and evidence of being the people of God t, his inheritance given out for the redemption of the


speakable grace and goodness to thein, of wlich before they had no knowledge, no thought, no expectation.

13 * 'Ev xed úveis seems, in the tenour and scheme of the words, to refer to By xod exampwonuev, ver. 11. St. Paul making a parallel here, between those of the gentiles that first believed, and the ephesians, tells them, that as those, who heard and received the gospel before them, became the people of God, &c. to the praise and glory of his name; so they, the ephesians, by believing, became the people of God, &c. to the praise and glory of his name, only in this verse there is an ellipsis of éxamcwonis.

14 † The Holy Ghost was neither promised, nor given to the heathen, who were apostates from God, and enemies; but only to the people of God; and therefore the convert ephesians, having received it, might be assured thereby, that they were now the people of God, and rest satisfied in this pledge of it..

The giving out of the Holy Ghost, and the gift of miracles, was the great means, whereby the gentiles were brought to receive the gospel, and become the people of God.

'" Redemption,” in sacred scripture, signifies not always strictly paying a ransom for a slave delivered from bondage, but deliverance from a slavish estate into liberty: so God declares to the children of I-rael in Egypt, Exod. vi. 6, “ I will redeem you with a stretched out arm." What is meant by it, is clear from the foriner part of the verse, in these words, “I will bring you out, “ from under the burthen of the egyptians, and I will rid you out of their bond“ age.” And, in the next verse, he adds, " and I will take you to me for my " people, and I will be to you a God;" the very case here. As God, in the place cited, promised to deliver his people out of bondage, under the word is redeem ; " so Deut. vii. 8, he telleth them, that he had brought them out s with a mighty hand, and redeemed them out of the house of bondage, froin " the hand of Pharaoh, king of Egypt:” which redemption was performed by God, who is called the Lord of hosts their Redeemer, without the payment of any rapsom. But here there was aepinginois, a purchase, and what the thing purchased was we may see, Acts xx. 28, viz. “ the church of God,” hv eplemos. hoalo, which “ he purchased with his own blood,” to be à people, that should be the Lord's portion, and the lot of his inheritance, as Moses speaks of the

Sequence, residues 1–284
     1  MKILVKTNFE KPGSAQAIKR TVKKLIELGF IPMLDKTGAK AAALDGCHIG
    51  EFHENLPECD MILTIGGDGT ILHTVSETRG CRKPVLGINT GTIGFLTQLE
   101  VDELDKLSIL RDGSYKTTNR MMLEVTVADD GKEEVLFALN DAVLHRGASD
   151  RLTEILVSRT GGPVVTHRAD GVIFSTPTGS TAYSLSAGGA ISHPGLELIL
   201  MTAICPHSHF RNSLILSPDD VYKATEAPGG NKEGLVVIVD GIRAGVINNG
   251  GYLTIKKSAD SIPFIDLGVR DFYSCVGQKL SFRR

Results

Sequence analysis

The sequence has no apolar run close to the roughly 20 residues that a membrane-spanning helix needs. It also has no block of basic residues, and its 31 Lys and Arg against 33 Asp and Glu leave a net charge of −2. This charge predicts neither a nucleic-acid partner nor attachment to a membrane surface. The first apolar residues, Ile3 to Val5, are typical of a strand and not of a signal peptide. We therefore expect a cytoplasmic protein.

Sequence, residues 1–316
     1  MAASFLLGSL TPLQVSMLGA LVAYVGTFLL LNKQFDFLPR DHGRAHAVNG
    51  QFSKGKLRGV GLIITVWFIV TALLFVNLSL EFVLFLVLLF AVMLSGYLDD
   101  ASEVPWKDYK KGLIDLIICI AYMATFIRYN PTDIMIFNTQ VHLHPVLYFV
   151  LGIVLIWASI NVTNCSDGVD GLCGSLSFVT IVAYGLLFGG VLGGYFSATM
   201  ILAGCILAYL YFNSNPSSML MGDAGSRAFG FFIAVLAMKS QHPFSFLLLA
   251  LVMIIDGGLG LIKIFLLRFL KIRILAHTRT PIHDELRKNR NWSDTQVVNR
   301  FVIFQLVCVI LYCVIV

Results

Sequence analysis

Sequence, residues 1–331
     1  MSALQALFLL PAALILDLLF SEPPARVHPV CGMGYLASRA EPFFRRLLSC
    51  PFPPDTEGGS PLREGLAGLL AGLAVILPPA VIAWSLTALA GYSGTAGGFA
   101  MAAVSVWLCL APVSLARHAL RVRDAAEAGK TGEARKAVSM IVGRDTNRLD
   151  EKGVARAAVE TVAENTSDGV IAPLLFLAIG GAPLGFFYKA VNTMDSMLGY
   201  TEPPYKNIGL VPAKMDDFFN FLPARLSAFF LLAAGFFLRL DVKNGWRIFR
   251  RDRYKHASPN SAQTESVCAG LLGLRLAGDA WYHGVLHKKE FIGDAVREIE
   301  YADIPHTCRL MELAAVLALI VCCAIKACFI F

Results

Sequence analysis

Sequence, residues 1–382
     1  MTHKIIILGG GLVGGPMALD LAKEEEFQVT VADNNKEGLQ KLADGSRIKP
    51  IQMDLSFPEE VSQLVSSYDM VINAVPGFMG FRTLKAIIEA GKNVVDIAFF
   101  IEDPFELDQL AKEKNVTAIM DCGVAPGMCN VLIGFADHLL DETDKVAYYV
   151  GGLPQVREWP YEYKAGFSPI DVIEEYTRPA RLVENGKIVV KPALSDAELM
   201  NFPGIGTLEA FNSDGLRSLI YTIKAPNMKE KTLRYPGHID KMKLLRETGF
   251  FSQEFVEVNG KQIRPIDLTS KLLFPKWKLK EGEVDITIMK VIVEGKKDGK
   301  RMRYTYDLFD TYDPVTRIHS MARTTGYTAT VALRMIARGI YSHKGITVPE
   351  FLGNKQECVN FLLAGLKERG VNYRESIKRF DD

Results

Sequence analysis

PARAPHRASE. purchased possession, that ye might also bring praise and glory to God *.


child,en of Israel, Deut. xxxii. 9. And hence St. Peter calls the christians, 1 Pet. ii. 9, naos eis reporcimon, which in the inargin of our bible, is rightly translated “ a purchased people:” but if any one takes ixanpwenusv, ver. 11, to signify “ we have obtained an inheritance,” then xanpovouba, in this verse, will signify “ that inheritance," and eis atrohút pwo in this trepotoshoewS, “ until the “ redemption of that purchased inheritance," i. e. until the redemption of our bodies, viz. resurrection unto eternal life. But, besides that this seems to have a more harsh and forced sense, the other interpretation is more consonant to the style and current of the sacred scripture, and (which weighs more with me) answers St. Paul's design here, which is to establish the ephesians, in a settled persuasion, that they, and all the other gentiles that believed in Christ, were as much the people of God, his lot, and his inheritance, as the jews themselves, and equally partakers with them of all the privileges and advantages belonging thereunto, as is visible by the tenour of the second chapter. And this is the use St. Paul mentions of God's setting his seal, 2 Tim. ii. 19, that it might mark who are his: and accordingly we find it applied, Rev. vii. 3, to the foreheads of his servants, that they might be known to be his, chap.iv. I. For so did those who purchased servants, as it were, take possession of them, by setting their marks on their foreheads.